Two hundred years ago today, 18 June 1815, John Molloy survived the Battle of Waterloo. As dusk fell, and after a day of fierce fighting near a country crossroads in Belgium, the men still left alive in his battalion were desperately trying to defend the now famous farmhouse ‘La Haye Sainte’. Lieutenant Molloy was seriously wounded on the evening of that long day of ‘carnage’. Between about 6pm and 8pm he was struck in the thigh by a round, lead ball from the musket of a French ‘tirailleur’ he saw clearly taking aim at him as he brandished his own sword. After surviving a decade of fighting in the Napoleonic wars, including years of campaigns walking across Spain, Portugal and France, he had come closer to death than ever before – in the last two hours of the last battle of the last campaign against Napoleon’s forces.
Hundreds of his fellow officers didn’t return home after ‘the battle for modern Europe’ and each year on June 18th Molloy and his family remembered ‘field day at Waterloo’. He often wore his Waterloo medal, engraved with his name and rank around the edge, its bright scarlet and blue ribbon faded to a pale dusty pink by the Australian sun. It’s seen clearly on his chest in the only surviving portrait of him and he wore it on the journey to Perth just days after Georgiana died.
Like others involved in the many other battles before Waterloo, Molloy had to wait much longer for his Peninsular War medal, finally receiving it after making his case for deserving it, listing all the battles he’d taken part in (as was required) and travelling to Britain in 1850 where he met the Duke of Wellington, his old commanding officer, and dined with him at the annual Waterloo dinner on 18th June 1851. The clasps on the ribbon commemorate the part Molloy played at eight key battles against the French and their allies.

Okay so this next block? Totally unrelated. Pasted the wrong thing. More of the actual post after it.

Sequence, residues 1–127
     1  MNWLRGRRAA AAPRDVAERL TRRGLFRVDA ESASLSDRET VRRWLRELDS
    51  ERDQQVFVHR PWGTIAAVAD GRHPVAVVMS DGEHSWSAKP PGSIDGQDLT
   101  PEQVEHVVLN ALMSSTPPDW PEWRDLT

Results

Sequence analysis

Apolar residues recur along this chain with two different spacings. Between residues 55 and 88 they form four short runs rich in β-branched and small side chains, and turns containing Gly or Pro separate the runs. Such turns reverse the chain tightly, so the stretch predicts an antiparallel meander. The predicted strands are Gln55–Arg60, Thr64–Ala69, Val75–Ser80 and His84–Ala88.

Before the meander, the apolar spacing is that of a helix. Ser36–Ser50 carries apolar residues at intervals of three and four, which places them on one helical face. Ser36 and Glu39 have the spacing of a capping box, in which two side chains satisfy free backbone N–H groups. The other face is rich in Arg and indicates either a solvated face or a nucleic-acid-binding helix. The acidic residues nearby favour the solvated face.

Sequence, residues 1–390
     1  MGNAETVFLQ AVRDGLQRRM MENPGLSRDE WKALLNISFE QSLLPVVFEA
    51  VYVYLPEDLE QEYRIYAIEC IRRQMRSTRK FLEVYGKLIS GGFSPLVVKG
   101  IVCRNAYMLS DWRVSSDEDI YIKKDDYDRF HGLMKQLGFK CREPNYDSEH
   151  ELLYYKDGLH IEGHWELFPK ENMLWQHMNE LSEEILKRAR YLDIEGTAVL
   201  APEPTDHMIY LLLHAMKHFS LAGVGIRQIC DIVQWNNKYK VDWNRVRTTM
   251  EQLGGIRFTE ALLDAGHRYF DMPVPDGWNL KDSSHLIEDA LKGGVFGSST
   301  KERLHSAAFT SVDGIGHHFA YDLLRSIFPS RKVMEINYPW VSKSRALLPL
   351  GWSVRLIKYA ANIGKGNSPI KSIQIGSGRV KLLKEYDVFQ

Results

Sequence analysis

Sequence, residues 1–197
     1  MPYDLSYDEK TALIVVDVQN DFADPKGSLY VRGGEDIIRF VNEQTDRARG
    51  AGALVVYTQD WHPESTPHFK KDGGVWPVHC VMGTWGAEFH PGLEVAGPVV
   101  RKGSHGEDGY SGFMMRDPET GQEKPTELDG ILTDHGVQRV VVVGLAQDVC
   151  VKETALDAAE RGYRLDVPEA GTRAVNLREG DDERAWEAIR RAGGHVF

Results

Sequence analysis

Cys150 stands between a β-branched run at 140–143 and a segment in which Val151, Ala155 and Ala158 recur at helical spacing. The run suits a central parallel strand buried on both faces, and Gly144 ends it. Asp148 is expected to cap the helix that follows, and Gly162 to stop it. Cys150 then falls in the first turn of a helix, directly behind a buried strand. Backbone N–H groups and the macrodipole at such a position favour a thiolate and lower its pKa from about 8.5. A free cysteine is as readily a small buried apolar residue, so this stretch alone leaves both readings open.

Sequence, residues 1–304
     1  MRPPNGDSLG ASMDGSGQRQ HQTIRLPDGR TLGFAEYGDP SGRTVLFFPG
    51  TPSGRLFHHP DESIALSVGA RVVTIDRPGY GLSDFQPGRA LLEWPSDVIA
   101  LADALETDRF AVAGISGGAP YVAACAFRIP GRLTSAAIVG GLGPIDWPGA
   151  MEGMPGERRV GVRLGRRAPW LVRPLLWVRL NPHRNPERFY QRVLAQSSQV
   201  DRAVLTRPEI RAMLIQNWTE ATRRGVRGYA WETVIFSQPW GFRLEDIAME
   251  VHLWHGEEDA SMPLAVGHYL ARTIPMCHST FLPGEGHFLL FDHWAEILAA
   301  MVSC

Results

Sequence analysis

We recently had the great pleasure of seeing John Molloy’s medals for the first time, thanks to the kindness and generosity of Richard Bunbury and his family who also allowed us to take photographs. There are many such medals still in circulation through auction houses and in family archives and they tell a collective history of warfare but the connection I felt on seeing John Molloy’s medals and holding them was emotional not intellectual. Over several years I traced his complete military career for the first time and discovered his childhood in the navy and his youth in the militia, then followed his route across the Iberian peninsula with the 95th Regiment of Foot (1st Battalion) from camp to camp and village to village. I read every contemporary account I could find of the skirmishes and encounters his battalion were involved in, written by his fellow officers and the soldiers under their command. Such a wide range of recounts is available that a detailed picture can be pieced together of the conditions John Molloy lived through in the years before he married Georgiana Kennedy and became a settler in the far southwest of Western Australia.